Tufts Dining workers say that COVID-19 protocols and the new ordering system are causing a serious staff shortage, leaving them feeling weary and unappreciated.
University officials admit that adapting to the new system has been difficult but pledge that they are working quickly to fill staffing gaps.
Zahra Warsame, a second cook at Carmichael Dining Center, frequently tracks her daily steps on her phone. Normally, she walks about 9,000 or 10,000 steps a day, but recently she has been reaching 14,000 or 15,000 steps.
Warsame, who is also a union shop steward for UNITE HERE Local 26, which represents most dining workers, attributes this change to the new ordering system.
Before the COVID-19 pandemic, students would cycle through the buffet at their own pace, helping themselves to hot entrées and sides. Now, along with preparing the food, dining workers are serving, packaging and, in some cases, delivering meals to students.
“They have not added staff to support the operational need. They just stretch the staff that were there,” Warsame said. “Now you have to do two jobs instead of one.”
The pandemic has forced Tufts Dining to rework significant parts of their operations to make them contactless and socially distanced, according to Patti Klos, director of dining and business services.
“It’s difficult – for both employees and managers alike – to return to the workplace after being away for 5 months and have to deal with so many changes,” she wrote in an email to the Daily. “I believe that many staff have already adjusted to the changes.”
The university only hires dining personnel after each open position on campus goes through a contractually required union bid that adheres to a seniority system.
In August, Tufts Dining staff were able to bid on the shifts that were open for the fall semester. Once the bid process concluded, the university began recruiting to fill the vacancies, according to Klos.
A lack of staff, however, led to the delayed opening of the Tower Café because fewer union workers bid for positions there than expected, according to Klos. She added that the university has filled four of 13 vacancies across its operations and is in the final stage of hiring seven more workers.
In a Sept. 13 statement on their Facebook page, Tufts Dining recognized the effects of the pandemic on the university’s dining services.
“We recognize that students are experiencing wait times as our staff adjust to the monumental changes in operations brought about by the current environment,” they wrote.
Christine Tringale, an assistant sous chef at Hodgdon Food-on-the-Run and union shop steward, said that because the dining halls are so short-staffed, some workers are doing jobs outside their classification.
The workers’ collective bargaining agreement specifies various classifications of workers and dictates their pay scale.
Tringale said third cooks are opening and closing operations alone, though this is outside the realm of what their jobs require.
“[They are] being asked to do a job they are either not qualified for or do because they have seniority but don’t get recognition for it in pay so they are being taken advantage of,” she wrote in an electronic message to the Daily.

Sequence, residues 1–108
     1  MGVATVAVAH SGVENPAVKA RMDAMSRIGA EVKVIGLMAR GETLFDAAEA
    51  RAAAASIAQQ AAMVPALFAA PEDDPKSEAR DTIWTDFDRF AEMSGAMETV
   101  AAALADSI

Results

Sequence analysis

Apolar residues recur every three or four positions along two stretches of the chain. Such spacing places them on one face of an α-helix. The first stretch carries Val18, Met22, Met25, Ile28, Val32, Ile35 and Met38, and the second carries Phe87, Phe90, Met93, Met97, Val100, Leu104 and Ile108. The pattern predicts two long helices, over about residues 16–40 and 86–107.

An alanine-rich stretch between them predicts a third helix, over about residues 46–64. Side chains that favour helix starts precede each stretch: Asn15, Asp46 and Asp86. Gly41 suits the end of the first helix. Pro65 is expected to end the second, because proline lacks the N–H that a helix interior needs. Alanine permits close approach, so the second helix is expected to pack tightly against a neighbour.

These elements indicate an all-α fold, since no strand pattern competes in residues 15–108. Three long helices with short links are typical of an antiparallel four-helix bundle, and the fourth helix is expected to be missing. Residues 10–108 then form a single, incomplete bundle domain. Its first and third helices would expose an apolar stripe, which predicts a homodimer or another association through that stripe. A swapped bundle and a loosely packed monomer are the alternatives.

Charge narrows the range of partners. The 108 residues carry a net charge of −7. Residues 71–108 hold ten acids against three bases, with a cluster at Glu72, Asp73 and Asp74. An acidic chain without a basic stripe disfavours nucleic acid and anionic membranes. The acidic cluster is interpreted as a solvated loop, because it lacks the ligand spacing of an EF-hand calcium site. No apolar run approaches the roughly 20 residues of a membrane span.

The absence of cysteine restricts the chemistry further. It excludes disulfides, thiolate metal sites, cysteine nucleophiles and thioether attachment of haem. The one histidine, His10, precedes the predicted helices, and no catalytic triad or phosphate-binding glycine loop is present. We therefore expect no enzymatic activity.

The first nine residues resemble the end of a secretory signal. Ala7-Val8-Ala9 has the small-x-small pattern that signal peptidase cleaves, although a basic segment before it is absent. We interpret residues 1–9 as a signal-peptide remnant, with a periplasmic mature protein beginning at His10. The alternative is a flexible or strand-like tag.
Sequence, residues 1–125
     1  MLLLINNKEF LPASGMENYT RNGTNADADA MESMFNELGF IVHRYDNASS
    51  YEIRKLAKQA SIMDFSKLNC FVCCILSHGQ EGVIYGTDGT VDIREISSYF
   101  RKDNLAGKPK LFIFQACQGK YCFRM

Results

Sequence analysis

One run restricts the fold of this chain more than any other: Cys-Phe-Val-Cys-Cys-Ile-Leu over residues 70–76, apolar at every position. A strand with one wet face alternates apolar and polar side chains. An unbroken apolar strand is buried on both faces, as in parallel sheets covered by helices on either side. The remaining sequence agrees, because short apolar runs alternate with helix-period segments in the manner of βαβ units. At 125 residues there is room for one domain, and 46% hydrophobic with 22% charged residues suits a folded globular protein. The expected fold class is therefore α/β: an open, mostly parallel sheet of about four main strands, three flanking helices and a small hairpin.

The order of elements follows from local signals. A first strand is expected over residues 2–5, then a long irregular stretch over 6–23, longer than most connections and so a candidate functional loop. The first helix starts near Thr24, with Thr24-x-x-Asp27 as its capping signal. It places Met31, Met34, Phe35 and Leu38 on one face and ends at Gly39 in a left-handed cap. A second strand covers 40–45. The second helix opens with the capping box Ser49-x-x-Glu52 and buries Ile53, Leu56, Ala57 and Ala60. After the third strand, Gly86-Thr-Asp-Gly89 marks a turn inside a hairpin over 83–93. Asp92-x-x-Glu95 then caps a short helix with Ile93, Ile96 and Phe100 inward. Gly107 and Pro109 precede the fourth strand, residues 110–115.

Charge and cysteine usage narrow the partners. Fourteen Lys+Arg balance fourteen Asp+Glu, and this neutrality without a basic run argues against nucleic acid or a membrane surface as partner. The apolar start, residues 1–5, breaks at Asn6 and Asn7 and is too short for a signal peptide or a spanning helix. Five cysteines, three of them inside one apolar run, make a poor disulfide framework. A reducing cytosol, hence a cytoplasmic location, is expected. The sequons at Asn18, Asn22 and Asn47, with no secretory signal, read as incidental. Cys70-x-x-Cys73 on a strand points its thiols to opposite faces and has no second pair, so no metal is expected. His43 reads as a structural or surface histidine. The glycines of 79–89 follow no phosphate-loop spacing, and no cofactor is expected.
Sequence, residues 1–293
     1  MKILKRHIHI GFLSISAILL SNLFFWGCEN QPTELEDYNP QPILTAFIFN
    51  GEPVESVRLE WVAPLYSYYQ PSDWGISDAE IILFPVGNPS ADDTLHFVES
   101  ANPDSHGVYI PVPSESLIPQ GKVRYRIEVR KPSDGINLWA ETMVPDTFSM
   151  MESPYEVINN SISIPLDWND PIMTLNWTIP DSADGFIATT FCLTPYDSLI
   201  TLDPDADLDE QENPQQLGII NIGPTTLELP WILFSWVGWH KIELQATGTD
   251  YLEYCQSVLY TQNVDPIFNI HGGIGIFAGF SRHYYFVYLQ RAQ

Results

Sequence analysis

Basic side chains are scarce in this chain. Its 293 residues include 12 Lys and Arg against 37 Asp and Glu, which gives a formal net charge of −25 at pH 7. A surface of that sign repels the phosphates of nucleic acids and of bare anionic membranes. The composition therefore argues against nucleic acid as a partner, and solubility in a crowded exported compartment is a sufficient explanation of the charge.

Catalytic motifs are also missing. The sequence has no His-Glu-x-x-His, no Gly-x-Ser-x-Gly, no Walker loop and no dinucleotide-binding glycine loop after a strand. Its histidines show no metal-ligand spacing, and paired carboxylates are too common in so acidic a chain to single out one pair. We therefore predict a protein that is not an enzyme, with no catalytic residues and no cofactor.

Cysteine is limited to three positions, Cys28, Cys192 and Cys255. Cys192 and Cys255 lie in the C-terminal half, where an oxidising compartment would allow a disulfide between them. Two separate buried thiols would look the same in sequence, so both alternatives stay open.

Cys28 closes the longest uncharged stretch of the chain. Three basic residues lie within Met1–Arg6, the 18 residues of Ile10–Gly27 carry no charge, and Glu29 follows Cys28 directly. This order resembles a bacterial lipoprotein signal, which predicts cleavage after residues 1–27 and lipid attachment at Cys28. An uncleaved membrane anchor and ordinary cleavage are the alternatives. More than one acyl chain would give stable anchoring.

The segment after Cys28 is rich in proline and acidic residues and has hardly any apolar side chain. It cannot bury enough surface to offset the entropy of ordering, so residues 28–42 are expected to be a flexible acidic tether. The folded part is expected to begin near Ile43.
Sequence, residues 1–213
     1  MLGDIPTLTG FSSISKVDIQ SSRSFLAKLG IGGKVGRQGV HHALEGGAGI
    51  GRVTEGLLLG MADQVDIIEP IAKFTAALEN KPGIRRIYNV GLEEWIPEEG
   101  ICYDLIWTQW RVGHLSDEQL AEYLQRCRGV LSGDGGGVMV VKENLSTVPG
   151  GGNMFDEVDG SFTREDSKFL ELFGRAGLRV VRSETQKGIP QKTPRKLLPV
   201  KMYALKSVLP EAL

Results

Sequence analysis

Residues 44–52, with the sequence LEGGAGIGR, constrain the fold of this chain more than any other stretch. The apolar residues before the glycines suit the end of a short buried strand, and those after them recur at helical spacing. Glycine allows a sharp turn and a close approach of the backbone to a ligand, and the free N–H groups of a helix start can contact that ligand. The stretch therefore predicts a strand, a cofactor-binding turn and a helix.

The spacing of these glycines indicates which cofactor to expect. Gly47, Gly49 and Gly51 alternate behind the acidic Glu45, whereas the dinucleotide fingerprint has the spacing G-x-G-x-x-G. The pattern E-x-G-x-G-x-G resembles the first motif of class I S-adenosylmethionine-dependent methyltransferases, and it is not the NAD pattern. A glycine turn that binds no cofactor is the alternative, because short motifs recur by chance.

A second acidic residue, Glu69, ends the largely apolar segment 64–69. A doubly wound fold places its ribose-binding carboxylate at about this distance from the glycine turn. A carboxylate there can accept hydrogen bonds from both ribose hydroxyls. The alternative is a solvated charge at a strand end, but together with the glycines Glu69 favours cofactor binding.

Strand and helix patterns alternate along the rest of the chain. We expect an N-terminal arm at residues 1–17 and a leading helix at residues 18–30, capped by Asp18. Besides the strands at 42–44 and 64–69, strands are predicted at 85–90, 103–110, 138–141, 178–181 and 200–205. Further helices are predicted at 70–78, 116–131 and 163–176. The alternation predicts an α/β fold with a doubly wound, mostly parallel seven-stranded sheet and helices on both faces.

Workers are also voicing concerns over COVID-19 testing, which they say only began two weeks ago. Tufts brought dining workers back to campus for training under the new system, as early as Aug. 9, according to Klos.
“I felt really not at ease coming back to work in an environment in which a lot of questions weren’t answered at that time,” Warsame said.
Klos said that testing for workers began once the surveillance test site was fully functioning.
“[COVID-19 testing] for some workers might have been after they returned to work,” she said.
Student activists have accused the university of neglecting dining workers.
Tufts Labor Coalition (TLC) released statements on Facebook and Instagram on Sept. 13 demanding better treatment for dining workers.
An organizer with the TLC, Georgia Kay, a junior, explained that the Coalition was first approached by a dining worker, who was upset by the Sept. 13 statement from Tufts Dining.
“The statement, in addition to giving false information about the source of late times and delays for food, didn’t even acknowledge the dining workers,” Kay said. “[They’re upset] for the university to be pushing them so hard and to not even baseline acknowledge that work and in fact blame them.”
TLC’s Facebook post doubles as a petition for the university to hire more workers, buy more personal protective equipment, provide assurance of sick time and invest in language translations for workers whose first language is not English, among other points.
As of Thursday, the number of commented signatures on the Facebook post is 365, while the Instagram post has 1,870.
“Our goal is to put as much pressure on Tufts Dining and Tufts administrations as possible,” Kay said. “The students have always and will always stand with workers, we’re always in communication, always having each others’ backs … and we’re not going to stop until these things are massively changed.”